The CARMENES instrument discovers its first exoplanet
Scientists at IEEC-CSIC have lead the discovery of HD 147379 b, a planet with a mass slightly higher than Neptune, which orbits a very close star. Despite being located in the so-called habitable area, it has no solid surface and it is not expected liquid water on its surface.

The CARMENES project, promoted by a consortium of 11 German and Spanish institutions with contributions from the Institute of Space Studies of Catalonia, has discovered its first planet outside the Solar System from the 3,5 meter telescope of the Observatory from Calar Alto to Almeria, dependent on the CSIC and the Max Planck Society. The details of the finding are published in the Astronomy & Astrophysics Letters Magazine.

The instrument has observed a nearby dwarf star and half massive that the Sun, around which a planet named HD 147379 b is orbiting, slightly more massive than Neptune. This exoplanet completes its orbit every 86 days at a distance that is only a third part that separates Terra del Sol. The planet is within the so-called habitability zone, which is the region around a star where conditions allow the existence of liquid water.

"It is unlikely that life could have developed on this planet because it probably lacks a solid surface area," explains Ignasi Ribas, a researcher at the Institute of Space Sciences (ICE-CSIC) and director of the Institute of Space Sciences, Espacial Studies of Catalonia (IEEC). And he adds: "The exoplanet, similar to Neptune, and that orbits in the living area of ??a very close star, is not the most spectacular, but it is the first. We face a future of observations that, without a doubt, will bear fruit. "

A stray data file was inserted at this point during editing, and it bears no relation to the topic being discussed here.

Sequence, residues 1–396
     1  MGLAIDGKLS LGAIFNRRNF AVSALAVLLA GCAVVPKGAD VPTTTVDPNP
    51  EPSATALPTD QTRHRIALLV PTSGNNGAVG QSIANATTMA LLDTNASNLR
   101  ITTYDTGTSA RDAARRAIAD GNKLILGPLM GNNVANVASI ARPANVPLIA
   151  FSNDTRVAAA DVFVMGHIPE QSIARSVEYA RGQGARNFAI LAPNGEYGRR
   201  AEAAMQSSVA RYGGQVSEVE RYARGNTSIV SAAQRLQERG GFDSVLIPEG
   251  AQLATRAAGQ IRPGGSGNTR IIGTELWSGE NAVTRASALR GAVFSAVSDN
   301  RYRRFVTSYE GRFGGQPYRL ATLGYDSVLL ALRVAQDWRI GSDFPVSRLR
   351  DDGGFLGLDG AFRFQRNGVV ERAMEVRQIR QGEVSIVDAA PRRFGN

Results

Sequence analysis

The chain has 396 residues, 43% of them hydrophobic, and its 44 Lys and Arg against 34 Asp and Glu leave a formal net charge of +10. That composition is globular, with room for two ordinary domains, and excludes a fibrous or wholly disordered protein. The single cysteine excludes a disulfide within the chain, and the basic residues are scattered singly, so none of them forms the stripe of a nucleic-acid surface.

A unique instrument

The discovery confirms the efficiency of CARMENES as an instrument designed to look for terrestrial planets in the habitability zone. "False positives are common in the search for extrasolar planets, and here one of the strengths of CARMENES emerges: observing in the visible and infrared we can confirm the findings without the need for other checks. No other instrument can do this, "says Pedro J. Amado, CSIC researcher at the Institute of Astrophysics of Andalusia and main co-investigator of CARMENES.

The instrument has been developed by a consortium of 11 Spanish and German institutions. In Spain, they participate in the project that will last at least until 2020, the Institute of Astrophysics of Andalusia (CSIC), which has raided the project and developed the infrared channel, the Institute of Space Sciences ( IEEC-CSIC), the Complutense University of Madrid, the Institute of Astrophysics of the Canary Islands and the Astrobiology Center (CSIC-INTA). He has obtained funding from the Max-Planck Society, the CSIC, the Ministry of Economy and Competitiveness and the Board of Andalusia, among other bodies.

A. Reiners et al. The CARMENES search for exoplanets around M dwarfs. HD147379 b: A nearby Neptune in an early-M dwarf's temperate zone. Astronomy & Astrophysics Letters. DOI: 10.1051 / 0004-6361 / 201732165
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